Review of The Left Hand of Darkness, by Ursula K. Le Guin

I have owned this copy of Ursula K. Le Guin‘s The Left Hand of Darkness for years. One would presume I bought it at some point.

Description from Goodreads:
On the planet Winter, there is no gender. The Gethenians can become male or female during each mating cycle, and this is something that humans find incomprehensible.

The Ekumen of Known Worlds has sent an ethnologist to study the Gethenians on their forbidding, ice-bound world. At first he finds his subjects difficult and off-putting, with their elaborate social systems and alien minds. But in the course of a long journey across the ice, he reaches an understanding with one of the Gethenians — it might even be a kind of love.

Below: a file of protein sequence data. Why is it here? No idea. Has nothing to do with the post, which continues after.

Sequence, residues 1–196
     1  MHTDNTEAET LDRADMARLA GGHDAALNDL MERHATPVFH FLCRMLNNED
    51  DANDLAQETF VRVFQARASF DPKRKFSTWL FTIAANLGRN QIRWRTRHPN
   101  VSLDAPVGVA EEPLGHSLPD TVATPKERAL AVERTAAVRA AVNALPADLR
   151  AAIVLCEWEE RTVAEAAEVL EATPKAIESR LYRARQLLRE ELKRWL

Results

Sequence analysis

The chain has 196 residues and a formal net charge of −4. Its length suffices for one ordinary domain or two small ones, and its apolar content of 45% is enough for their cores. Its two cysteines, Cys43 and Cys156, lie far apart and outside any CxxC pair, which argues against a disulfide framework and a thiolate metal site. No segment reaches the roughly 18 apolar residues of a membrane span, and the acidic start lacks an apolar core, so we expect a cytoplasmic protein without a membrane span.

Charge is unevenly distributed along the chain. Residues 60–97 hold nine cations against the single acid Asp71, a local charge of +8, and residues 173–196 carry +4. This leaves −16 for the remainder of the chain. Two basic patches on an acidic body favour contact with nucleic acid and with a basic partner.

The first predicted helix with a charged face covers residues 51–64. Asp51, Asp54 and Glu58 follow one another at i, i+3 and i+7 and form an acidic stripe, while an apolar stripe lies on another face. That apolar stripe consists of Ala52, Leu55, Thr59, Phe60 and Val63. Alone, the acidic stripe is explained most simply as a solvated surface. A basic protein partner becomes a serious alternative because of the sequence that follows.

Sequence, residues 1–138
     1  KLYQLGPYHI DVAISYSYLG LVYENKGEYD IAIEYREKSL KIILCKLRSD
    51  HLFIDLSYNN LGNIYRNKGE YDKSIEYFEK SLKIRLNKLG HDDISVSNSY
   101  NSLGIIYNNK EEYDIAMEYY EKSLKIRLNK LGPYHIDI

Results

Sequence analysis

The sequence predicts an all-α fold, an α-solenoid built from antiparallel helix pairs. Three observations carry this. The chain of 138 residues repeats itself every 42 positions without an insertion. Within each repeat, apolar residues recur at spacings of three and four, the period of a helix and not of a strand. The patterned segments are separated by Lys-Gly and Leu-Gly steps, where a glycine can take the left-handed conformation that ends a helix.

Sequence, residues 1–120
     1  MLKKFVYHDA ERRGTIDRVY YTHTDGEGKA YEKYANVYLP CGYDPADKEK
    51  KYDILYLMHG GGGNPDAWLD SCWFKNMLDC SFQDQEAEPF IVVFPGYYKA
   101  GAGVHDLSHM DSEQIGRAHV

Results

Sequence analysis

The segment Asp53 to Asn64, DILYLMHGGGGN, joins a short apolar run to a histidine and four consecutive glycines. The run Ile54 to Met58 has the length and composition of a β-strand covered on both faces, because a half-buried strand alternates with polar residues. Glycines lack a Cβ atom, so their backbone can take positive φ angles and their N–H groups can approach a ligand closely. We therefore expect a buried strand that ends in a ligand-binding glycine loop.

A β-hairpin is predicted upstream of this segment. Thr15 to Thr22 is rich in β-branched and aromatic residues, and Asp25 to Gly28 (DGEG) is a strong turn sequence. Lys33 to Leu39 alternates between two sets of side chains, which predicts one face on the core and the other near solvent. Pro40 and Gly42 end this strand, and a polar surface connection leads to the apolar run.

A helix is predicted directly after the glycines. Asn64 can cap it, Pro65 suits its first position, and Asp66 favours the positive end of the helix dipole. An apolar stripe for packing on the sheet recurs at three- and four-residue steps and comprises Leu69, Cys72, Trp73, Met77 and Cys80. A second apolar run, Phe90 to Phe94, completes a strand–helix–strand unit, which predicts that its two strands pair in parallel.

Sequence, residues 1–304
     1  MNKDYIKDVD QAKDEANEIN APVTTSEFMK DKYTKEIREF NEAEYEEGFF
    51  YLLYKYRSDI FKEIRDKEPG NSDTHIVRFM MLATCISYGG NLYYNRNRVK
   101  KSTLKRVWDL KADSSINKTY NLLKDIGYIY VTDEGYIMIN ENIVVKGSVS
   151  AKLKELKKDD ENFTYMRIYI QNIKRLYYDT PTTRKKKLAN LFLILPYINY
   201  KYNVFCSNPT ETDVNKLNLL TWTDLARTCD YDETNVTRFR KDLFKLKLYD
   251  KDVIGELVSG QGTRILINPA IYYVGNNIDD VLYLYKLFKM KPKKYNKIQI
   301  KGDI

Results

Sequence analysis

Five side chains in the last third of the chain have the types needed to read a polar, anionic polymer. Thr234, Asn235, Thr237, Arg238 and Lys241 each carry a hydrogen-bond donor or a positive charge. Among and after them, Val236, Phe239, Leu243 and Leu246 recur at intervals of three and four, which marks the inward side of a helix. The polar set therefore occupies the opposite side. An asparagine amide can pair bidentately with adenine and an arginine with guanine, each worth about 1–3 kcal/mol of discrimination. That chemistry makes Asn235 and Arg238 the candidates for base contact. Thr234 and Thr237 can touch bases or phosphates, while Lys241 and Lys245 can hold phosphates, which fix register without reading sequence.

This is one of those books that is more a thought experiment than an actual reading experience. I can’t say I’m sad to have read it—especially now, so soon after Le Guin’s death—but I’ll say I’m glad to have read it, to be done reading it. As interesting as it was, I was bored for almost all of it. The world was breathtakingly described and, again, the moral and social implications of the Emissary’s circumstances were interesting, but the whole thing was soooo slow and indirect. Plus, while I understand the book was published in 1969 and therefore a product of it’s time, I was uncomfortable with the way women were positioned and described. All in all, I think of this much like I do Moby Dick. I’m glad to tick it off my list off books I’ve meant to read, but didn’t enjoy it all that much, though I can appreciate it’s worth.

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